Captain Jack Cadigan
U.S. Coast Guard (retired)
50 years experience on ships and boats worldwide
USCG licensed Master on Oceans over 40 years
Six major Navy and Coast Guard sea commands during over 30 years of military service
Author of Boating Magazine articles on Seamanship
Seamanship and Navigation instructor at US Coast Guard Academy
Highly knowledgeable about Alaskan wildlife
Juneau resident for over 30 years
Captain Alan Corbett
Coast Guard 50 Ton Masters License
Graduated Chapman School of Seamanship: Professional Mariner Training
Instructed by Captain Jack Cadigan
15 years experience on boats worldwide (10 in Alaska)
Wildlife Photographer and Guide
Author of Hunting Magazine articles
Juneau resident for over 10 years
The "SCANIA" represents "cutting-edge" of maritime technology in design, propulsion, safety equipment, and electronics. Her stability makes her a prime choice for those seeking great photos of their "whaling" experience. SCANIA is also equipped with a hydrophone, so that guests can listen to the whales "sing" when this occurs (mostly during "bubblenetting").
SCANIA has an internal heating system to assure guests are "cozy and warm" en-route to the whaling grounds. A modern spacious "head" (toilet) is available for use.
A patented and proven hull design first invented in New Zealand, the twin-hull is radically different from conventional twin hull craft. Instead of cross-struts to strengthen the separation of the two hulls, which produces drag, the SCANIA’s design involves a "tunnel," with a FOUR INCH hull thickness. The shape is such that it turns the two internal bow waves downward and the forward motion of the boat forces the water into into an ever-narrowing tunnel. This uses the energy of these two bow waves to "lift" the boat several inches out of the water. This in turn reduces drag, and yet because the two hull sections are each "V-shaped" in their entirety, they provide dramatic stability and comfort, without "banging" like often experienced in a hull shape which is fairly flat aft in order for a boat to "plane."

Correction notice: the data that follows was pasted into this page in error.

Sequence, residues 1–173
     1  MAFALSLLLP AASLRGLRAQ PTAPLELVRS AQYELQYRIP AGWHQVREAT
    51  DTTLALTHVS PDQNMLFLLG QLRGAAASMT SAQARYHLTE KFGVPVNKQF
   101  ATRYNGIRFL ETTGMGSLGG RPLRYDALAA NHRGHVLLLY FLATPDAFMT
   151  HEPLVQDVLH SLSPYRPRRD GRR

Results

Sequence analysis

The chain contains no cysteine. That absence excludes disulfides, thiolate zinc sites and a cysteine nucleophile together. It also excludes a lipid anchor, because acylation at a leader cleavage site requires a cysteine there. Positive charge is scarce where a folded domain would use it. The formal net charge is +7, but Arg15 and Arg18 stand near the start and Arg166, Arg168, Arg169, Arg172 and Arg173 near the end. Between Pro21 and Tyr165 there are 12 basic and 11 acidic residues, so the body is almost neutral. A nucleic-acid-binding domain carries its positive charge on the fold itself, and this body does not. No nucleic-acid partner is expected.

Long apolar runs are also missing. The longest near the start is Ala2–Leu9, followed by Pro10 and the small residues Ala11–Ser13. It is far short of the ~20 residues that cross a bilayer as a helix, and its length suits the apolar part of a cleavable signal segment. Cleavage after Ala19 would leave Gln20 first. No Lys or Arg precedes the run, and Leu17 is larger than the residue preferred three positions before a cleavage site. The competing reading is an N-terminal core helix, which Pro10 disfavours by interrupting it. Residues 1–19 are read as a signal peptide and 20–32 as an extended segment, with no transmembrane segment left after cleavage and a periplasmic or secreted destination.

SCANIA is propelled by twin turbo-charged Volvo diesel engines, delivering over 500 HP. Each engine has a computer that adjusts the flow of fuel and air provide maximum efficiency and speed, plus minimum pollution. Inputs into the computer are air temperature, humidity, engine temperature, oil temperature, fuel temperature, barometric pressure, and power demands.
The state of the art automatic steering computer system solves for inputs of wind, current, and waves to provide a steady, smooth, and direct course better than any helmsman can hold.
SCANIA is equipped with an "EPIRB" (Emergency Position Indicating Beacon) which automatically notifies aircraft in the vicinity as well as satellites in the event of an emergency, has an automatic (and manual) halon engine-room fire-extinguishing system, an emergency liferaft that can be either manually deployed or will automatically deploy, plus 150% of the required life-preservers, flares, smoke flares, and emergency lights.
SCANIA has THREE depth-sounders, including a forward-looking detector, two "GPS" (Global Positioning System) receivers, and two independent electronic navigational systems, two compasses, a 4KW radar, and of course a full complement of charts and other "old-fashioned" navigational equipment.
SCANIA is nationally recognized as meeting the strict safety, training, and equipment requirements for the award as an "Accredited Vessel" by the National Marine Charter Organization.